Meewella | Critic

According to P

Tag: Thimios Bakatakis

QuickView: Una (2016)

“I don’t know anything about you except that you abused me.”

Una

Content Warning: child sexual abuse

Rooney Mara delivers an utterly absorbing performance as Una, a woman who has decided to confront the man who sexually abused her as a teenager, in an effort to understand and reclaim her past. David Harrower’s script delves into shades of grey in the emotions and motivations of the pair, but not in culpability — even Ray makes no attempt to justify his actions, only to contextualise his feelings, a fine line that Ben Mendelsohn deftly navigates through quiet chemistry with Mara. Una is deeply uncomfortable to watch, and there is a disparity between the memories recalled in conversation and the flashbacks to a fragile thirteen-year-old, ensuring the viewer never loses sight of the victim. Most remarkable about this translation from stage to screen is its use of space and light. The conversations between Ray and Una shift between rooms in a deliberately sparse warehouse with only artificial light: clinically white when the lights are on, and shrouded in darkness when off. This lighting parallels Ray’s past being dragged into the harsh light, yet he often finds it easier to admit to concealed truths in the dark. Throughout the middle section of the film, Ray’s colleagues relentlessly search the building for him, a metaphor for his past catching up with him. Whilst this adds a sense of urgency, the dialogue flounders as the conversation becomes repetitive. The final third of the film shifts to other locations which is necessary to push the story forward, but in the process loses some of the caged tension that drove the film. It allows us to appreciate how prison was finite punishment for Ray but it provided no closure to Una’s relationship with him, this inability to move on leaving her emotionally stunted, using promiscuity in an artificial attempt to reassert control.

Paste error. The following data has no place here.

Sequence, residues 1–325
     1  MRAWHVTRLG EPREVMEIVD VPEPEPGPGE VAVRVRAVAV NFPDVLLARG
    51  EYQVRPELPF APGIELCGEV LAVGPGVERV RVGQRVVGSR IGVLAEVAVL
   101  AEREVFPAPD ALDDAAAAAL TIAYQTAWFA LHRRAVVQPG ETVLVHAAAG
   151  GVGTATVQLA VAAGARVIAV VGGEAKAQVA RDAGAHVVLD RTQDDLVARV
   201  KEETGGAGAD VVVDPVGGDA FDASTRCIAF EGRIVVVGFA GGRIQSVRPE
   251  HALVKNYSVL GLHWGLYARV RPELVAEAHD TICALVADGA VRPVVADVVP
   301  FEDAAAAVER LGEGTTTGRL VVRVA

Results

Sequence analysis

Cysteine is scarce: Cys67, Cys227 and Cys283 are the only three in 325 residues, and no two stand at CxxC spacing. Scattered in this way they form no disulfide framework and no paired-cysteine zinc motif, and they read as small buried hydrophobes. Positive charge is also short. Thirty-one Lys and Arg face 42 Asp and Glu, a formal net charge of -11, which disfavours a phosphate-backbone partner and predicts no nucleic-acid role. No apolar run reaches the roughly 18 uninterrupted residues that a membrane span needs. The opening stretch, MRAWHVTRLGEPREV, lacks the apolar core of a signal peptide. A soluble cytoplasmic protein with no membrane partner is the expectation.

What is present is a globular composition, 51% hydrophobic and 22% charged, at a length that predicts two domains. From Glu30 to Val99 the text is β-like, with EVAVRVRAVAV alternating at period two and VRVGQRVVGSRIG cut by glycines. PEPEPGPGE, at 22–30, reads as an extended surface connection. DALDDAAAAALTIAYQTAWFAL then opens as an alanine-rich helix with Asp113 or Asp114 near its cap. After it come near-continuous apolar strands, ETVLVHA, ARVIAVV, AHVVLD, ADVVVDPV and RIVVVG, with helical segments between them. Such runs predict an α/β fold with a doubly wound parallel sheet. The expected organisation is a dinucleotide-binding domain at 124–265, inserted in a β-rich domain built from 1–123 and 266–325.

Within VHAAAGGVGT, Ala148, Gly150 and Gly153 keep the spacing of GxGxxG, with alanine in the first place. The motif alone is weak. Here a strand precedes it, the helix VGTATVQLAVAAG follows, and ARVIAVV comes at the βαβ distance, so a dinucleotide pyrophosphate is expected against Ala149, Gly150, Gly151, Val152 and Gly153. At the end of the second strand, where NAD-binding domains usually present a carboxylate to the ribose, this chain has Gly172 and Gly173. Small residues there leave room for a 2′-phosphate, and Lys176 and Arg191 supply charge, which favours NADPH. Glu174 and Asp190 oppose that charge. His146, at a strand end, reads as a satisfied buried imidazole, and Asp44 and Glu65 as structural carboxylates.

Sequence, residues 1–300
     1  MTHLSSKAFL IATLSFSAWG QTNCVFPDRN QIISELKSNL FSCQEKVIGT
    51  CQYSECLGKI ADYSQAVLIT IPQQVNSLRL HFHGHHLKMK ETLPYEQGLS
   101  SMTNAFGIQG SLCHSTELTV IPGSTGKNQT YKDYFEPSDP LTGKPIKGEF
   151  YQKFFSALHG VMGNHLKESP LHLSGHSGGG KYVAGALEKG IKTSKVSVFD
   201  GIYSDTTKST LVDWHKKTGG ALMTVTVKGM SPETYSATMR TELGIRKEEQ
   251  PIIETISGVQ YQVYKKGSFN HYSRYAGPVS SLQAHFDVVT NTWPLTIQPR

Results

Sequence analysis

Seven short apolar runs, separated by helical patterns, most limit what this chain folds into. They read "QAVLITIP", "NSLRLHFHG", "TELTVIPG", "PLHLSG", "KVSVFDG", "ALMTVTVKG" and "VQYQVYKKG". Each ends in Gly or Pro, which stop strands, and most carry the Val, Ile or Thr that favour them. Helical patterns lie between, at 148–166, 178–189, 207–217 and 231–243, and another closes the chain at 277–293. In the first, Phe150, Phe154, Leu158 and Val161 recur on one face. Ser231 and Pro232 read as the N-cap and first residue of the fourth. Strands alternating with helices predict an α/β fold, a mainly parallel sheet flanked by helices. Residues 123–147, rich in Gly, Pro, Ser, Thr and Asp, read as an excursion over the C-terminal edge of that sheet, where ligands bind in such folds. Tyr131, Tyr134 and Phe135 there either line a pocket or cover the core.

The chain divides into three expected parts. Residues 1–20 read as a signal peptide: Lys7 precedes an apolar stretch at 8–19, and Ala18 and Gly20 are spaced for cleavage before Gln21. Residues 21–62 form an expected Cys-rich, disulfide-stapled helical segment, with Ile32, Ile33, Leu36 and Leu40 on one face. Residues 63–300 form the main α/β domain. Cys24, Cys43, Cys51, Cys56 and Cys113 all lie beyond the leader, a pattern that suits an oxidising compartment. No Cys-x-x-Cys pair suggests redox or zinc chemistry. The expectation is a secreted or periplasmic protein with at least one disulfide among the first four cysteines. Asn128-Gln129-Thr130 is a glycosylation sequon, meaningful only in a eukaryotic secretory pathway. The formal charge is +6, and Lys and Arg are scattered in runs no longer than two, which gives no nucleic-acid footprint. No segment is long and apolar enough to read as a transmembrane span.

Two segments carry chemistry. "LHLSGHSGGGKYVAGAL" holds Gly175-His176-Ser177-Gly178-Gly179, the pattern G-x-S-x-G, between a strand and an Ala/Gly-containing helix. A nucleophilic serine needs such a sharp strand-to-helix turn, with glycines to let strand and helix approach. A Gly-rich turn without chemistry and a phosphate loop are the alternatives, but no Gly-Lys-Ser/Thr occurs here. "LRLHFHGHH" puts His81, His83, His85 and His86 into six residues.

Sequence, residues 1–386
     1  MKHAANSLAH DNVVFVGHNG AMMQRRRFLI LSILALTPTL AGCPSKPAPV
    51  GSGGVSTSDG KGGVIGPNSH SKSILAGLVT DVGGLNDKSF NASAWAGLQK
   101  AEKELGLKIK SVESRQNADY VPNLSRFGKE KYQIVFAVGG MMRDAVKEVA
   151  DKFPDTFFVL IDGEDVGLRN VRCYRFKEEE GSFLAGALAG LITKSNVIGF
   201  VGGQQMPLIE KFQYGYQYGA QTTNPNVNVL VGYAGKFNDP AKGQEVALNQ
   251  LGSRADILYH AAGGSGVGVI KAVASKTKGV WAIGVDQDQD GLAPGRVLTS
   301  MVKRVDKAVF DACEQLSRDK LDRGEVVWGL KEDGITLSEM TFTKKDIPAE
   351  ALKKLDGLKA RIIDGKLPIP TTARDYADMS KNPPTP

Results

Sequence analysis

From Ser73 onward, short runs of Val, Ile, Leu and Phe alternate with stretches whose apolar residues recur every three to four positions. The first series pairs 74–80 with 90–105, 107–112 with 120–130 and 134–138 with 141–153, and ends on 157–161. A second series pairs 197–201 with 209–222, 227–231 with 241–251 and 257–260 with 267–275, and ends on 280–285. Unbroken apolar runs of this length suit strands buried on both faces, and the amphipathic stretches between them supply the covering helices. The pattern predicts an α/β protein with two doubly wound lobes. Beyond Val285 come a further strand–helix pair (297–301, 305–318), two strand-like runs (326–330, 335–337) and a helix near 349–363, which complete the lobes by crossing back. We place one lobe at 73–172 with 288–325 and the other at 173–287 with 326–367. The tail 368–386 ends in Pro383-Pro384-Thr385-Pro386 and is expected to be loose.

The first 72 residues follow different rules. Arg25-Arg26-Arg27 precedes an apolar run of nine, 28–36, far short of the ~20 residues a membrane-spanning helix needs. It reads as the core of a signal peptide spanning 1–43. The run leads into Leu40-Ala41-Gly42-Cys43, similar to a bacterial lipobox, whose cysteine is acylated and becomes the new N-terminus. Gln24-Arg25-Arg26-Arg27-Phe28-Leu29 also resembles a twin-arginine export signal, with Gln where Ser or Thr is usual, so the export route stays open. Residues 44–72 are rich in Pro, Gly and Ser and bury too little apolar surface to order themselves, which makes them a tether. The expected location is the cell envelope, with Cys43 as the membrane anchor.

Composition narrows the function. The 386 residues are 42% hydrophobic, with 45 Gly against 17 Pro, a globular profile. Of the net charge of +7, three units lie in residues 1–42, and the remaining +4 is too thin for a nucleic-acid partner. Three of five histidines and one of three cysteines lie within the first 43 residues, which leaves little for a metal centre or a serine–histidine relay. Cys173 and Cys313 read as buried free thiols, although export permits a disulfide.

7/10

QuickView: The Killing of a Sacred Deer (2017)

The Killing of a Sacred Deer poster

“A surgeon never kills a patient. An anaesthesiologist can kill a patient, but a surgeon never can.”

Steven Murphy

Yorgos Lanthimos excels at capturing the disjointed nature of human connection, with conversations unfolding in fits and starts albeit using deliberately unnatural dialogue. This deeply allegorical tale is less accessible than The Favourite, bearing a greater tonal connection to The Lobster by way of Jordan Peele’s more unsettling worlds. Cinematography plays a major part in that disquiet: low, wide-angle tracking shots cause architecture to loom over characters, whilst unusually high shots peer down from a disembodied vantage. Colin Farrell is clearly in sync with Lanthimos’ style on the their second outing together, gradually revealing the layers of a surgeon with a god complex who is forced to confront his own hubris. Many of the locations are fittingly clinical, with rigid lines feeling at odds with the film’s loose logic. Knowing the plot in advance would weaken the film but passing familiarity with the Greek myth of Iphigenia is helpful in decoding its allusions. Ultimately Lanthimos is uncompromising in his vision — surely knowing that the result will appeal only to arthouse audiences — but his intentions are not always apparent onscreen.

7/10

"A film is a petrified fountain of thought."

(CC) BY-NC 2003-2023 Priyan Meewella

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